Assessment of Surgical Care Capacity at Non-Tertiary Hospitals in Botswana
Mpapho Joseph Motsumi1, Nkhabe Chinyepi2, Kagelelo Difela2, Karabo Ngwako2, Maranatha Sentsho2, Unami Chilisa2, Tefo Leshomo2
1Faculty of Medicine, Sir Ketumile Masire Teaching Hospital, University of Botswana, Gaborone, Botswana
2Department of Surgery, Faculty of Medicine, University of Botswana, Gaborone, Botswana
Correspondences to: Mpapho Joseph Motsumi; email: Motsumim@ub.ac.bw.
Received: 2 Mar 2022; Revised: 9 Aug 2022; Accepted: 10 Aug 2022; Available online: 24 Aug 2022
Most low- and middle-income communities (LMICs) live in rural areas and are served mainly by primary and district hospitals. This study seeks to geographically map these hospitals and measure their surgical care capacity in Botswana.
Materials and methods
This 3-month cross-sectional observational study was conducted at the Department of Surgery, University of Botswana. Google Map was used to map hospitals geographically. The PIPES (personnel, infrastructure, procedures, equipment, and supplies) tool was used to assess the surgical care capacity of hospitals. This tool was developed by Surgeons Overseas to quantify surgical capacity in low-resource settings. Consent was obtained.
Nine districts and ten primary hospitals were assessed. The distance from settlements to the nearest healthcare facility in sparsely populated areas was relatively larger, making timely healthcare access potentially problematic. Intensive care services were unavailable except at three hospitals. None of the hospitals had full blood bank services. X-ray and ultrasound machines and basic supplies were available at over 90% of the hospitals.
There was a general lack of surgical care specialists. Hospitals with a full complement of surgical care specialists had relatively higher PIPES indices. We recommend investing in deploying specialized surgical care providers to primary and district hospitals.
Key words: Surgical care capacity; Non-tertiary hospital; Surgical services
Ann Afr Surg. 2022; 19(4): 193-199
Conflicts of Interest: None
© 2022 Author. This work is licensed under the Creative Commons Attribution 4.0 International License.
The vision of the Lancet Commission on Global Surgery is universal access to safe and affordable surgical and anesthesia care when needed (1). Good health systems are rooted in the communities they serve (2). This removes the common hurdles that exclude the poor and marginalized from the needed surgical care, especially those living in rural areas (1). Most communities in low- and middle-income countries (LMICs) live in rural areas (3). District hospitals, also often referred to as regional hospitals, are vital to surgical care delivery to the local communities in LMICs (4). However, many of these district hospitals are unable to deliver essential surgical services (4, 5). Strengthening the surgical care capacity of these hospitals would improve the delivery of essential surgical services to communities in rural areas (4). LMICs need to carry out local situational assessments to guide their efforts toward improving the delivery of essential surgical care by district hospitals, which serve most rural communities.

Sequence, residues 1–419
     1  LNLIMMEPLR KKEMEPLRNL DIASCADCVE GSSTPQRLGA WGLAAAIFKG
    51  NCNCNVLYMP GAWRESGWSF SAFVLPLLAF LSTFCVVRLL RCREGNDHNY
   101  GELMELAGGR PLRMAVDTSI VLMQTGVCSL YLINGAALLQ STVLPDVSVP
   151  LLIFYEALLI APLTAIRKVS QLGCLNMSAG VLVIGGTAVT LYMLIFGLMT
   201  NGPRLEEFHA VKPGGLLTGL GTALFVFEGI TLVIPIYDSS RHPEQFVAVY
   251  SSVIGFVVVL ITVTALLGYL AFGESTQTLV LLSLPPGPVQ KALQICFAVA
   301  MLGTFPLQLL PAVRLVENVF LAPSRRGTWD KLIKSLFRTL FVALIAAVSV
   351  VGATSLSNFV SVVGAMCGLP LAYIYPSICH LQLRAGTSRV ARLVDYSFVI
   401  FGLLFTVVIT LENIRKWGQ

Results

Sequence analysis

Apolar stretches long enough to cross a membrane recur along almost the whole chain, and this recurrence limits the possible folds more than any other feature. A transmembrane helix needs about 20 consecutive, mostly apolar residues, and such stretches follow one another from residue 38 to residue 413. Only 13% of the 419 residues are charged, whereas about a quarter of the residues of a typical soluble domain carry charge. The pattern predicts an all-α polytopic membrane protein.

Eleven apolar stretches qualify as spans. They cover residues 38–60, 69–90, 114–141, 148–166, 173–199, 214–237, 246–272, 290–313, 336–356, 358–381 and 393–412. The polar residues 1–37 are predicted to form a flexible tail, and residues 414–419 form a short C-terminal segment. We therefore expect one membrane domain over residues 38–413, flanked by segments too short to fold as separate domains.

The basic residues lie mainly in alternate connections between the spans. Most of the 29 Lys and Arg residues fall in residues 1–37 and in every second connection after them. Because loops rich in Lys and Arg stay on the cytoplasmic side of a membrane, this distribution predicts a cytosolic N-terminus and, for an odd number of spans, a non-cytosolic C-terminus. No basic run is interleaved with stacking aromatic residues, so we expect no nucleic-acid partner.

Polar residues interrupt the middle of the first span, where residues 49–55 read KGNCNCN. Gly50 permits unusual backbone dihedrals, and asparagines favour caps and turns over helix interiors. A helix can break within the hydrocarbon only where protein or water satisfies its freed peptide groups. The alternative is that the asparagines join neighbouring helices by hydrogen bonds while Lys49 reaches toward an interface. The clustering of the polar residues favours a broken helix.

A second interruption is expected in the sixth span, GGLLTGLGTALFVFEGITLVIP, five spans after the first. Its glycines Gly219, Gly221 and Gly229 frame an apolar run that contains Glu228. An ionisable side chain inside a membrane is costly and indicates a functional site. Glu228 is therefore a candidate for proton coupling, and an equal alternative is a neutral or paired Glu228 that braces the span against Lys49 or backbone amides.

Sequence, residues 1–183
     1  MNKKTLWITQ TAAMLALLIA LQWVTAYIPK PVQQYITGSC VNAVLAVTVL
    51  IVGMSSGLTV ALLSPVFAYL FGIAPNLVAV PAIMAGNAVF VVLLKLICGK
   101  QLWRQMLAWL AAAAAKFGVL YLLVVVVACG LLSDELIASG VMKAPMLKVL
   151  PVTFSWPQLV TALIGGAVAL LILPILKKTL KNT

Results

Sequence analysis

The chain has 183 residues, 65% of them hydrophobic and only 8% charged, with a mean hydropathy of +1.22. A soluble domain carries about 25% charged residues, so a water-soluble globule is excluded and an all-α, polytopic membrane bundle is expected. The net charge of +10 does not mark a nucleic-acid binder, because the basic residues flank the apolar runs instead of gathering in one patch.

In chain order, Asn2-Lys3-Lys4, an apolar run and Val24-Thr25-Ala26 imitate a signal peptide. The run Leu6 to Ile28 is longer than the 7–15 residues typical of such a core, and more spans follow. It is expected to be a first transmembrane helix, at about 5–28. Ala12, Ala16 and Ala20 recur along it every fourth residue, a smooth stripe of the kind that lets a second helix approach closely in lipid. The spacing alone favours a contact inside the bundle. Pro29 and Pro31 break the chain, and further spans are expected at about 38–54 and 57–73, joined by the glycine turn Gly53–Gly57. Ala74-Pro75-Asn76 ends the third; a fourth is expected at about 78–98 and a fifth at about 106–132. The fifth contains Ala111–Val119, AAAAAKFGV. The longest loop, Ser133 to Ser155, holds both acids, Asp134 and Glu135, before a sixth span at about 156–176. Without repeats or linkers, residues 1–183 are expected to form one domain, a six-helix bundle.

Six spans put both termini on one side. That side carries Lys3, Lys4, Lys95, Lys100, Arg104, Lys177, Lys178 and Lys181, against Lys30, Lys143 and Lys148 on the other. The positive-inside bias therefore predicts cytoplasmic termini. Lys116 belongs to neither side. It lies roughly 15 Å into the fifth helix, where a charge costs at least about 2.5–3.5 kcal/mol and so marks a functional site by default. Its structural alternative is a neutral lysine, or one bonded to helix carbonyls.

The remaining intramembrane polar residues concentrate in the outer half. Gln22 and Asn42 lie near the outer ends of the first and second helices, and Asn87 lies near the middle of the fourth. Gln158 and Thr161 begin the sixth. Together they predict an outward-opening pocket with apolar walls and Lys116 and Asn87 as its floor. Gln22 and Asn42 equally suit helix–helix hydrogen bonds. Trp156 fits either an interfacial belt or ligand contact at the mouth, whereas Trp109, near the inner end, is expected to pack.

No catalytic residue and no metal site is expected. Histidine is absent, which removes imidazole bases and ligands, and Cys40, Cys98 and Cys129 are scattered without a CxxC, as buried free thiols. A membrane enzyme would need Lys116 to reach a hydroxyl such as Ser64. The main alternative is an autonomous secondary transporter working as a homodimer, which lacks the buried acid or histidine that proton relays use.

National surgical health policies must be driven by local and context-specific data generated through local research (6). Therefore, the continuous assessment of barriers to delivering essential surgical care services at district hospitals is paramount. Findings from such assessments will provide feedback to policymakers and direct their efforts (6). This is especially relevant in LMICs, like Botswana, which is most hit by the failure to deliver timely and readily accessible surgical care to their communities.
Botswana is a high middle-income country with a population estimated at 2 million. Gaborone is the capital city of the country. There are three levels of hospitals in Botswana: referral (tertiary), district, and primary hospitals, in the order of their capacity to deliver healthcare services. The Ministry of Health for Botswana provides the following definitions of levels of hospitals. Primary hospitals are general hospitals that are equipped to deal with most diseases, injuries, and immediate threats to health. District hospitals are major district health facilities equipped with a larger number of beds capable of dealing with intensive and long-term care. Finally, referral hospitals and health facilities are equipped to deal with specialized diseases, medical needs, and care (7).
Most of the primary hospitals were built with the capacity to be upgraded to the district hospital level structurally. This study seeks to provide a geographic map of most primary- and district-level hospitals in Botswana and assess their surgical care capacity. The geographic mapping of these hospitals aims to give a quick visual appreciation of their distribution countrywide. The distance to a healthcare facility in a community is a critical factor in surgical care that is accessible when and where it is needed (8). The assumption is that the findings will be relevant to other LMICs and add to the growing but limited body of literature on the subject (9).
Materials and Methods
This is a cross-sectional, observational study conducted over 3 months at the department of surgery, University of Botswana.
Botswana is geographically divided into ten districts, as demonstrated in Figure 1. The country’s north- and south-eastern band is relatively populous and more developed. The distribution of hospitals is geographically skewed toward this geographic band. Figure 1 shows the geographic distribution of hospitals in Botswana. There are three fully operational tertiary hospitals which ar